Tendinopathy Bristol CT

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Armann O Ciccarelli
(860) 583-1845
291 Queen St
Bristol, CT
Specialty
General Surgery, Hand Surgery

Data Provided By:
Timothy P Mc Laughlin, MD
(860) 589-3766
25 Newell Rd Ste C14
Bristol, CT
Specialties
Orthopedics
Gender
Male
Education
Medical School: Univ Of Md Sch Of Med, Baltimore Md 21201
Graduation Year: 1980

Data Provided By:
Carl David Bomar, MD
(860) 584-1113
232 Maxine Rd
Bristol, CT
Specialties
Orthopedics, Hand Surgery
Gender
Male
Education
Medical School: Univ Of Ky Coll Of Med, Lexington Ky 40536
Graduation Year: 1974

Data Provided By:
Michael Thomas Legeyt
(860) 583-6500
255 N Main St
Bristol, CT
Specialty
Hand Surgery

Data Provided By:
Vipul Dua, MD
(860) 583-1107
25 Newell Rd Ste E31
Bristol, CT
Specialties
Orthopedics
Gender
Male
Education
Medical School: Maulana Azad Med Coll, Univ Of Delhi, New Delhi, Delhi, India
Graduation Year: 1984

Data Provided By:
Michael Edward Cucka, MD
(860) 582-6603
641 Clark Ave
Bristol, CT
Specialties
Orthopedics
Gender
Male
Education
Medical School: Rush Med Coll Of Rush Univ, Chicago Il 60612
Graduation Year: 1988

Data Provided By:
Chang Song Choi
(860) 589-6919
46 Goodwin Street
Bristol, CT
Specialty
Orthopedic Surgery

Data Provided By:
Chang Song Choi, MD
(860) 589-6919
PO Box 1239
Bristol, CT
Specialties
Orthopedics
Gender
Male
Education
Medical School: Seoul Natl Univ, Coll Of Med, Chongno-Ku, Seoul, So Korea
Graduation Year: 1958

Data Provided By:
Scott William Organ, MD
(860) 582-6603
641 Clark Ave
Bristol, CT
Specialties
Orthopedics
Gender
Male
Education
Medical School: New York Univ Sch Of Med, New York Ny 10016
Graduation Year: 1989

Data Provided By:
Michael Thomas Legeyt, MD
(860) 583-6500
255 N Main St
Bristol, CT
Specialties
Orthopedics
Gender
Male
Education
Medical School: Univ Of Ct Sch Of Med, Farmington Ct 06032
Graduation Year: 1992

Data Provided By:
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Best Treatment for Tendinopathy

It’s not clear what is the best treatment for tendinopathy. That’s the conclusion of researchers reviewing all the published studies on the topic. Tendinopathy refers to a painful tendon condition caused by overuse. Although it feels like it, it’s not the same as tendonitis. There’s pain but no actual inflammation.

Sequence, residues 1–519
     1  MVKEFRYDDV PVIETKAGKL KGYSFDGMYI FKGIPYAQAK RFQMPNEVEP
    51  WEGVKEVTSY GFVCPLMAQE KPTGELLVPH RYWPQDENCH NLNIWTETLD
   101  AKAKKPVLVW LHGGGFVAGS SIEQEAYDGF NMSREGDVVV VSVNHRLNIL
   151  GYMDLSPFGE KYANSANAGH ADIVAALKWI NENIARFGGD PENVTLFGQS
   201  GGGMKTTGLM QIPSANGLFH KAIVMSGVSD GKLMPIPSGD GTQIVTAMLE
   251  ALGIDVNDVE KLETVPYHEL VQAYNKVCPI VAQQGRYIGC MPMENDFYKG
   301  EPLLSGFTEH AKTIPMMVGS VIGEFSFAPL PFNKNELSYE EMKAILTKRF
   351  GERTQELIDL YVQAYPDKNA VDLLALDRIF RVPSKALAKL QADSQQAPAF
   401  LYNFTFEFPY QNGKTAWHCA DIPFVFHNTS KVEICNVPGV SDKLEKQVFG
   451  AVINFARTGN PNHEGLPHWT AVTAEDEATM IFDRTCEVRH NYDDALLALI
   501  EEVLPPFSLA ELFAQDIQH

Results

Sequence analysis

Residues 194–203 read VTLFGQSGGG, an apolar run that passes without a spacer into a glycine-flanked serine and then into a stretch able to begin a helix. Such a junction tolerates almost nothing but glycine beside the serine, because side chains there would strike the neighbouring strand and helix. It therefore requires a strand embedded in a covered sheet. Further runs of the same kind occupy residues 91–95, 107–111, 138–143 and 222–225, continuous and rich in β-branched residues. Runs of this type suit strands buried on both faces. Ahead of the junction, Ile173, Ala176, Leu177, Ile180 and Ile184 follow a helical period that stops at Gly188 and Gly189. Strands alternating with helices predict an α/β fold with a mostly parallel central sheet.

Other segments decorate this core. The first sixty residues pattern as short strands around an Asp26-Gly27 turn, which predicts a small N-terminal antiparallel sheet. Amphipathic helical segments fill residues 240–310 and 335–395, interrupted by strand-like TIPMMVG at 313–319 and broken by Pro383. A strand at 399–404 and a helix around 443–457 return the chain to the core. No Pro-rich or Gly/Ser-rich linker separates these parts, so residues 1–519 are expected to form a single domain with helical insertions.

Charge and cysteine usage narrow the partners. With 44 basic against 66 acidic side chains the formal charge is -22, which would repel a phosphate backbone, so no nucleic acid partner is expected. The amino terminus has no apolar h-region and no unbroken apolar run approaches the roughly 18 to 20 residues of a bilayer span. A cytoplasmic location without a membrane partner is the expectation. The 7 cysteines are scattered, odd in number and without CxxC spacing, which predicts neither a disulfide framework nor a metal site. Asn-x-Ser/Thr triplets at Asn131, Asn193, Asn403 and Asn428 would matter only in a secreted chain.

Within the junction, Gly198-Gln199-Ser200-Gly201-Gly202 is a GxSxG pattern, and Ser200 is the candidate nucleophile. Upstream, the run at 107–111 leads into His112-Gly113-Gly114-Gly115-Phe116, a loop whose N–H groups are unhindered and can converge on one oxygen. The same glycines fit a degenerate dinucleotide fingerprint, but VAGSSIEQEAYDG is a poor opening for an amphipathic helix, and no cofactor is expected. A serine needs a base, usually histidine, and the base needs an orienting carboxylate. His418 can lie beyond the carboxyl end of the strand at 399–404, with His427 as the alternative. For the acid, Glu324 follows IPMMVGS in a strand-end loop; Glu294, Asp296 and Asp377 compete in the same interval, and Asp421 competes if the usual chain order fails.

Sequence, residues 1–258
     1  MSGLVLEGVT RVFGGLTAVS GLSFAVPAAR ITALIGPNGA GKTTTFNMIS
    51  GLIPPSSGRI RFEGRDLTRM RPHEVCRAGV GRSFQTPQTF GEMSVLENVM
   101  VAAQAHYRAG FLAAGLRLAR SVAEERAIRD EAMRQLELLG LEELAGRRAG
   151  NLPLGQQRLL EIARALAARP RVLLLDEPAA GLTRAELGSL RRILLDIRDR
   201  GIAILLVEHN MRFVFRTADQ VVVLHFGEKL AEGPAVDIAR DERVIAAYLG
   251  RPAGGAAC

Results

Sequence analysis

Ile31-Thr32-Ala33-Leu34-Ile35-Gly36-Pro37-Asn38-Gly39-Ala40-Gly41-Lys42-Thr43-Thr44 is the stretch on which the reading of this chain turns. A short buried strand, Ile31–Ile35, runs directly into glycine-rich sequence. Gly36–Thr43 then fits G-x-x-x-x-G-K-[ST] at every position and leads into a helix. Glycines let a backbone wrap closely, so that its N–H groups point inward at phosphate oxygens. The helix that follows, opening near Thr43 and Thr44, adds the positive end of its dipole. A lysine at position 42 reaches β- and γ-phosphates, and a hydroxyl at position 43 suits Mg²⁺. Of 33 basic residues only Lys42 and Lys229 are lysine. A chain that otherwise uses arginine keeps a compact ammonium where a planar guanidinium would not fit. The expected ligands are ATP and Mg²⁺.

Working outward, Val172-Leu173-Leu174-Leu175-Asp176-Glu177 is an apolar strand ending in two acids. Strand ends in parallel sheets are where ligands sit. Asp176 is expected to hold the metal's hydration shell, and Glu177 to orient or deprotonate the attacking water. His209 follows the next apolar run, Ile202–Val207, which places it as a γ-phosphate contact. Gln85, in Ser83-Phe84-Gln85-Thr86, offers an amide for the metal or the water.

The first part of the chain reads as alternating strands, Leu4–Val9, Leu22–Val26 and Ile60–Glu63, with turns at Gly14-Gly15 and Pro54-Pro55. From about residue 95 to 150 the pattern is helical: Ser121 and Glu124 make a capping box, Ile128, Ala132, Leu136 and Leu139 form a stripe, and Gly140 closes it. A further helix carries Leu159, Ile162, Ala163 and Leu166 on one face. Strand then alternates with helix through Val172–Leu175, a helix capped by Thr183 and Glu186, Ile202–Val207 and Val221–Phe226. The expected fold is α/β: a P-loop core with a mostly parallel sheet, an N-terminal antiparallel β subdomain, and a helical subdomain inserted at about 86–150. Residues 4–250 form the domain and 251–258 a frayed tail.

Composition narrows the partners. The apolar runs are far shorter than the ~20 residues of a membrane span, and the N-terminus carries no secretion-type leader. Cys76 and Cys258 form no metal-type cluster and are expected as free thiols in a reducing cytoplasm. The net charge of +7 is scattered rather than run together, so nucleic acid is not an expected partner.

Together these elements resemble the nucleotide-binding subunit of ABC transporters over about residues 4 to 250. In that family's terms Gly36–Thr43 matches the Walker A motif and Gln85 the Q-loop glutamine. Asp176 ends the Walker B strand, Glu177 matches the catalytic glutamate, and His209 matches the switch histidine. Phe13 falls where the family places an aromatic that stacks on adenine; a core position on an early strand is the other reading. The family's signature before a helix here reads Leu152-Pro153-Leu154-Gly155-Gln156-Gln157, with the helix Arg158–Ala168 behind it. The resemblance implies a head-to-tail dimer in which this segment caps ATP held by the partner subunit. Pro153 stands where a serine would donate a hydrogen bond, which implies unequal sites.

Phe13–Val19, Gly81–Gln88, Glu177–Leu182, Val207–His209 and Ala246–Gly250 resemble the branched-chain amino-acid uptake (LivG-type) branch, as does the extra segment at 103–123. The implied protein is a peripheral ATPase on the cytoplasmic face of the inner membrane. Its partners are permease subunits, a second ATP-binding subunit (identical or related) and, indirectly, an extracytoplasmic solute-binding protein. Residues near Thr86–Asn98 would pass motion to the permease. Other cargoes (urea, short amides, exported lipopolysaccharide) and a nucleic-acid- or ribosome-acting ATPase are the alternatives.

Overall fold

Treatment has traditionally focused on providing anti-inflammatory measures. This has included nonsteroidal anti-inflammatory drugs (NSAIDs), steroid injections, and physical therapy modalities. Stretching and strengthening exercises have always been a part of the standard treatment approach.

More recently, shock wave therapy, low-level laser therapy, sclerotherapy, and growth factors and stem cell treatment have been added. The results of all treatment methods were compared by performing a literature review. The authors summarized the results of 177 studies. They did not evaluate the quality of the work done.

For the most part, it appears that NSAIDs and cortisone injections offer short-term relief. There just isn’t a long-term benefit of these treatments. Results using heat and light modalities seem inconsistent. But this may be more likely to occur because of how the studies were conducted. Without consistent methods and measures, it’s difficult to compare one study to another.

The most effective treatment may be eccentric lengthening exercises, sclerotherapy, and nitric oxide patches. Eccentric exercises are done by placing the affected muscle in a shortened position then lengthening the muscle against resistance.

Sclerotherapy is the injection of a chemical to produce scarring in the blood vessels. The idea is to close down tiny blood vessels and destroy nerve fibers that form in the damaged area. Nitric oxide has some potential for tendon healing. A patch placed over the skin delivers an enzyme that acts as a chemical messenger to provide pain relief.

Newer treatments such as growth factors and stem cells look promisin...

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